But the elevator built by Mayer-Osborn was all original. The number one bin, closest to the part that houses the head house and the man lift, was empty and I could look inside, but it was too dark to see anything. The bins have sloped floors at a pretty good angle so the last of the seed could be emptied down below, in the “pit.” Whether it was carried out of there by conveyor or some other means is something I missed. The “leg,” he said, in the bin adjacent to the number one bin, went all the way to within eight inches of the top, to facilitate proper distribution between the bins.

(Maybe Gary Rich can add a comment explaining what on earth that means.)

I did ask Mr. Ulrich what the ports are used for, and it is for access—so someone could get into the bins. So “manhole covers” it is. The port cover that was removed on the number one bin, which I’d peeked into, was only identified as Hutchinson foundry steel.

But there were Mayer-Osborn ports inside and out, painted and unpainted.  It’s a big elevator—much bigger than anything I’ve seen of theirs before, perhaps even as big or bigger than Tempe, Arizona.

Mr. Ulrich remembered another visitor who took pictures about ten years ago and sent him some prints. He thought Gary’s name sounded familiar, especially when I mentioned he worked for the railroad.

There is an old citizen in town named Lou Dilley, whose father, known as Pop, built the older flour-mill elevator. Mr. Dilley is said to be in his eighties and loves to tell about the history of the town. He apparently worked on his dad’s construction jobs. So if I can get back, he would be the one to see.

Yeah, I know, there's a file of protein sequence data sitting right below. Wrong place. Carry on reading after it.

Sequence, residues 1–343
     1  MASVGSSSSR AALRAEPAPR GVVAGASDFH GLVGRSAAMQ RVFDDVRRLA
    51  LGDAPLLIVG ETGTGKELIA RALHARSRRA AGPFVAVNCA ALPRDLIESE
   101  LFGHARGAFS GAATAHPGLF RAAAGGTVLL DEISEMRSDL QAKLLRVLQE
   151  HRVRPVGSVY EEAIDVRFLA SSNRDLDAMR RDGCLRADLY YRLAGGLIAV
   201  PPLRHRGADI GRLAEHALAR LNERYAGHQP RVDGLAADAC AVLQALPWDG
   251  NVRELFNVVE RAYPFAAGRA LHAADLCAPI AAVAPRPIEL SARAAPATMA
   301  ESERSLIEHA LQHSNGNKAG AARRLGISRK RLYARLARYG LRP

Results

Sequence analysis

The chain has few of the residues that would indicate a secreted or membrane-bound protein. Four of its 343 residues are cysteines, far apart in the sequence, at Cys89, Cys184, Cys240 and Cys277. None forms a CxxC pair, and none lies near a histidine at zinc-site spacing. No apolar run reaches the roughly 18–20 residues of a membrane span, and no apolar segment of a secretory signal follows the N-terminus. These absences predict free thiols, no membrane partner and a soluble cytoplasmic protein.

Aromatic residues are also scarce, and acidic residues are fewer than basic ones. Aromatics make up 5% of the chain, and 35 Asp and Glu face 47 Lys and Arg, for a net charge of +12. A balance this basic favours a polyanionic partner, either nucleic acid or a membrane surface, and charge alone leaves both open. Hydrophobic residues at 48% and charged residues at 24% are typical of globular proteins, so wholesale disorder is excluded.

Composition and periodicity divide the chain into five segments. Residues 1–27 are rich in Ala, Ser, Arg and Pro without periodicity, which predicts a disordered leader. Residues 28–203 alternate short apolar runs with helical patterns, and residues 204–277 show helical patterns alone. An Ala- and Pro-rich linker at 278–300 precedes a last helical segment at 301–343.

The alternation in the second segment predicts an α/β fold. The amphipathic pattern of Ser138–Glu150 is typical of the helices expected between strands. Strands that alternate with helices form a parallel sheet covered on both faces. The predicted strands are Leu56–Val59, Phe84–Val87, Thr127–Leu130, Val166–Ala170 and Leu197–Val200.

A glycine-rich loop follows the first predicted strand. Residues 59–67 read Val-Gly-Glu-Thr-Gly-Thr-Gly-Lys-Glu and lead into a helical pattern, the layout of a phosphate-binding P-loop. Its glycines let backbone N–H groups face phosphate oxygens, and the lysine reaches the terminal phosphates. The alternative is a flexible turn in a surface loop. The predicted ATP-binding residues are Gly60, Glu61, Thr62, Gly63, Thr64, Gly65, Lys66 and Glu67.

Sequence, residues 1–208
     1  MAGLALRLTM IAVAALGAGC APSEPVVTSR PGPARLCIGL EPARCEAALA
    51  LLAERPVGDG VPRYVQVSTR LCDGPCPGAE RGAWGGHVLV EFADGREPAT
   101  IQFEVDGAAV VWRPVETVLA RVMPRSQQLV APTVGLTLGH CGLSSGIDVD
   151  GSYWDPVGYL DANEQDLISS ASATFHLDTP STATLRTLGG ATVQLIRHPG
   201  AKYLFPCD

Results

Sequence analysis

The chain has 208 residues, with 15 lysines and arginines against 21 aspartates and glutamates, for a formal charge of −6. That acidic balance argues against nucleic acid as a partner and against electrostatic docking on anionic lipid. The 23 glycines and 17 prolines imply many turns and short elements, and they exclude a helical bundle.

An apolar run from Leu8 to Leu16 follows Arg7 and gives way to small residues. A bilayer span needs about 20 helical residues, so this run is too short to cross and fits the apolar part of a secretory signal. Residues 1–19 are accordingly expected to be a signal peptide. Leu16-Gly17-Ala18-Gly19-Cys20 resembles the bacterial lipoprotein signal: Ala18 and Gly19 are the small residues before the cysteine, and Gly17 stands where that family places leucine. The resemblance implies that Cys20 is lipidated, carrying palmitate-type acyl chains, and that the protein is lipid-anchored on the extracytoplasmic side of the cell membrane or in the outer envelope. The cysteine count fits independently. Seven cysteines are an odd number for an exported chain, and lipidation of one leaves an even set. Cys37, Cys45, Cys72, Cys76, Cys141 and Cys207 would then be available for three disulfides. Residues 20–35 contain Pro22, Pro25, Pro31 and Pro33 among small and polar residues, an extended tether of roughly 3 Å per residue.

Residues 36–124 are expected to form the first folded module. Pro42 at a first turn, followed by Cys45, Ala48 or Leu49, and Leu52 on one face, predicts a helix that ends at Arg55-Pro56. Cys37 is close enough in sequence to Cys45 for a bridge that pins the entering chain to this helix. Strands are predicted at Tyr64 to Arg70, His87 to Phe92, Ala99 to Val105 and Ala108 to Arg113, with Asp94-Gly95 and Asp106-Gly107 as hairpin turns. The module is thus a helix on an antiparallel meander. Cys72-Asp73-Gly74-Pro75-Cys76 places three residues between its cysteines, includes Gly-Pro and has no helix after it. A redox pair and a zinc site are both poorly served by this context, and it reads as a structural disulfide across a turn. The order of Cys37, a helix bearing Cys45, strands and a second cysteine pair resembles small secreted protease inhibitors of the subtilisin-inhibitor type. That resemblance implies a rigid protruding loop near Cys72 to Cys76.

Comparing Mayer-Osborn elevators in Byers, Colorado, and McAllaster, Kansas

By Gary Rich

It is somewhat strange that you can have a company build an elevator, but there can be differences between two separate models. The Byers, Colorado, elevator was built by Mayer-Osborn. This model has the manhole covers on the outside of the bins, whereas the McAllaster, Kansas, elevator has the manhole covers on the inside. You will notice the manhole covers on the outside of the bins in the Byers view. Plus, there is a walkway door about halfway between the bins. The window arrangements are slightly different between these two elevators. Basically the driveway is the same on the two models.

One thing stands out like a sore thumb: whoever painted the Byers elevator painted the manhole covers. This is the only elevator where I have seen this done. Generally the manhole covers are not painted.

It would be the option of the Co-op what was wanted in the elevator. If the owners chose more options, of course the price of the elevator would increase, too.

There are two sides of an elevator. One is the track side, where the railroad tracks are located. The other side is known as the drive way, where the trucks will dump their loads.

I do not believe that the McAllaster, Kansas, elevator has been used for some years. The steel bins were empty, when I photographed here on November 14, 2011. The weeds were fairly high, and the rail spur has been removed. 

Gary Rich analyzes the leaning Maywood, Nebraska, elevator and storage annex